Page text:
Jumping up, I searched frantically through those primary colored tubes for my son. Finally spotting him way up in a tower of terror I ran to the base of the monstrosity. “Troy, I’m here baby. Look down, see, mommy’s here!” I shouted. My little peanut somehow got himself up into one of the tallest parts of the structure with only a twisting tunnel slide or tiered platforms to bring him back to earth. His wailing increased as I called to him, “go on the slide. Mommy will be at the bottom of the slide waiting for you.” Dark curls stuck to his panicked face as he vehemently shook his head, “no!” Slightly embarrassed by the disapproving glances other parents were casting in my direction I said, “Okay baby, you don’t have to go down the slide, just crawl back down the way you came up. I’m right here to catch you.” His sobs grew louder as he curled into the fetal position, refusing to face the mountain alone.
Looking desperately around for help, I spotted big brother standing nearby with concern etched on his features. “Garrett!” I called, “Please go up and get your brother! Help him down!” With the bravery of a white knight and responsibility bred into first born children, my eldest scrambled up to his shaking and wailing little brother. His little lisp was pronounced as he tried to coax, cajole, beg and then strong arm his brother to sit on his lap and go down the slide with him. Troy was adamant, only mommy could help him. Looking around helplessly, not one adult bothering to make eye contact, I realized I would need to squeeze up the tower myself.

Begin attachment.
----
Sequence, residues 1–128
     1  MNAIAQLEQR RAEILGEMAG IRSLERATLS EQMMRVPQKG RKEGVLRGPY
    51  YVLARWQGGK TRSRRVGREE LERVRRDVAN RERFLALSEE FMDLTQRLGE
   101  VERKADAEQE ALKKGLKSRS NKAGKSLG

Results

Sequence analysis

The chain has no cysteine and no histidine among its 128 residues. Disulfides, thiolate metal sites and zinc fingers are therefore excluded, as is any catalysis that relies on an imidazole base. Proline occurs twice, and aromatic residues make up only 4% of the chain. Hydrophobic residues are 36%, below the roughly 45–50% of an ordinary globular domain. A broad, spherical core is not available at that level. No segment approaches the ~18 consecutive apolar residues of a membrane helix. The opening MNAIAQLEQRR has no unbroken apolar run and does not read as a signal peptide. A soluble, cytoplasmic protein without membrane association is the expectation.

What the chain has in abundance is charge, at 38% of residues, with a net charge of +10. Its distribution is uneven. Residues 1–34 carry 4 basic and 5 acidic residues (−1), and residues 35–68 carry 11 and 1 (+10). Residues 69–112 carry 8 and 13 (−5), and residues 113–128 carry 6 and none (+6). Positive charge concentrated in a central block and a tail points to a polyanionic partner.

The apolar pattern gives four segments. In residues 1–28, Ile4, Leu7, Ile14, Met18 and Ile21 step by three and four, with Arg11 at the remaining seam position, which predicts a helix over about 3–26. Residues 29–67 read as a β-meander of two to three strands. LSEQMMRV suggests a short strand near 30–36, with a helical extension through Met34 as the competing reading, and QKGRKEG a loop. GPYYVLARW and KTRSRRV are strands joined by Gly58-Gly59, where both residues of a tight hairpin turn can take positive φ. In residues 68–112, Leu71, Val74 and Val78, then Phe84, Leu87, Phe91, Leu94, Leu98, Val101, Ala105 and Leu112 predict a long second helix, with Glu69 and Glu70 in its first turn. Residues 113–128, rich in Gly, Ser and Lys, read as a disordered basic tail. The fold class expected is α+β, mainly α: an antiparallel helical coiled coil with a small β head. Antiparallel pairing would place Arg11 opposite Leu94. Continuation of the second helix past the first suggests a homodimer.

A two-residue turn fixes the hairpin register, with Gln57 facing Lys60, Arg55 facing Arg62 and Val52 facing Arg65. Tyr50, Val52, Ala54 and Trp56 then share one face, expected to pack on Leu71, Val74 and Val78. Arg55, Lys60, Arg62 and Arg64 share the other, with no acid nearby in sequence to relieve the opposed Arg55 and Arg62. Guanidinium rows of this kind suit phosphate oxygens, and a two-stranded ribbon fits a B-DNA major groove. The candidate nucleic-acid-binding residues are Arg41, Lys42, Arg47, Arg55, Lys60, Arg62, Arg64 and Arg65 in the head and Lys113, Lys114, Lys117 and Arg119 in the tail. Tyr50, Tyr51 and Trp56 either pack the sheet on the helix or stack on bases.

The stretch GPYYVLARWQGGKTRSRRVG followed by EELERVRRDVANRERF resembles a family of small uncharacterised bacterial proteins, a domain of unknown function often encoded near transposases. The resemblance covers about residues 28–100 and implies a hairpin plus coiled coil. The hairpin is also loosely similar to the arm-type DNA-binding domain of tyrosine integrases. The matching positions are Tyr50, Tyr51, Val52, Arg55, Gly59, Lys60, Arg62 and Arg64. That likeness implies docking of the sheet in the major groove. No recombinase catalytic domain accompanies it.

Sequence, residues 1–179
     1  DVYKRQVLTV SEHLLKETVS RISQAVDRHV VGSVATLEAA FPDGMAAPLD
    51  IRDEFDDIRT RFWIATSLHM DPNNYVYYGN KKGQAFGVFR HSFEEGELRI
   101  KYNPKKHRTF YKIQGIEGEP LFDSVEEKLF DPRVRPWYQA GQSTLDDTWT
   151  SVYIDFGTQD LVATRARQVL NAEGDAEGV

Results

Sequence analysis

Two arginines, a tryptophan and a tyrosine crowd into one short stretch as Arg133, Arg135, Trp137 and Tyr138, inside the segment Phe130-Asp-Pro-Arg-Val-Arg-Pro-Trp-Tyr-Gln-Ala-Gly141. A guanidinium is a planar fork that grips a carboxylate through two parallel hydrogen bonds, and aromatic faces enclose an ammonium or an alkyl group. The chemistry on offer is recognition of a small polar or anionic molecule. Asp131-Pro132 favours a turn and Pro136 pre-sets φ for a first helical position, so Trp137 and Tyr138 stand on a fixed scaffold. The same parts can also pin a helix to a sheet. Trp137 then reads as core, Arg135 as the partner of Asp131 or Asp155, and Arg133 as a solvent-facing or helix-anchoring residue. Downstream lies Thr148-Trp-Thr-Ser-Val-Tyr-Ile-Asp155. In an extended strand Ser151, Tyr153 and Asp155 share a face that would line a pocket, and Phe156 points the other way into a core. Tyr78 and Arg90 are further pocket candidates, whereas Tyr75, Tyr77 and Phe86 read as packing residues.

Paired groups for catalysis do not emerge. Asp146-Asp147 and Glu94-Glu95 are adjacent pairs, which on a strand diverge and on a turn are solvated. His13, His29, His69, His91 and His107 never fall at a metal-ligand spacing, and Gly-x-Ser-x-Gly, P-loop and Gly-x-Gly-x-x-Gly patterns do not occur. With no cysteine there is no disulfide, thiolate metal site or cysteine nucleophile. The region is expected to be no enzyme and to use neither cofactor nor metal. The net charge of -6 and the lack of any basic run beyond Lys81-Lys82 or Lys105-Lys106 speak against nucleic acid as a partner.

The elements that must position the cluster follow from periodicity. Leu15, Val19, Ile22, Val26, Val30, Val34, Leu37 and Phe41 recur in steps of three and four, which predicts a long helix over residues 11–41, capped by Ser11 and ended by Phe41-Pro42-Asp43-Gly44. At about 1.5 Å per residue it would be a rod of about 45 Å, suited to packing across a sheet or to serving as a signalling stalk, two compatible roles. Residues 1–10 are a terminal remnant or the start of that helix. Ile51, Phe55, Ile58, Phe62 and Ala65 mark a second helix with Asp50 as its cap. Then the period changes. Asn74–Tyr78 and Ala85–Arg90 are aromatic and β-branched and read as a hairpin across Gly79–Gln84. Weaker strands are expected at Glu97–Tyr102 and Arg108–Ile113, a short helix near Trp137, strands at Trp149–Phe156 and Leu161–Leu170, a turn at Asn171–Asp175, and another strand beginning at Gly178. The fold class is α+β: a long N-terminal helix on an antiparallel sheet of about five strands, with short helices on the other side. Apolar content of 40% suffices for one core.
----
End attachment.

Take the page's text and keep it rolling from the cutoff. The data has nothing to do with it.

To make a long story a bit shorter, suffice it to say that I did indeed make it up to my boy (I’ve mentioned that I was seven months pregnant, with an IV, wearing a dress right?) with all the grace and elegance of a buffalo ice skating. I took him in arms until he calmed down, and then held his hand as we navigated the way back down the tower to safety. There are several points to this story that are significant to the text we have been studying all week (helping a fellow human in need is a post for another time).
When my child needed me, he needed my arms around him and my hand in his, as we navigated down that play structure. I couldn’t just call out directions; I needed to physically show him the way. That’s our job as parents, to guide and direct our children not as armchair observers but hand in hand. Why is it that we respond to the cries of our children when they are in physical distress with such urgency yet often allow the business of daily life eclipse the urgency to nurture their relationship with our Lord and Savior? Jesus said to His disciples, “I AM the Way, the Truth and the Life.” He didn’t say he was one way, like the option of going down a slide or a tiered tower to reach safety, He said He is THE Way.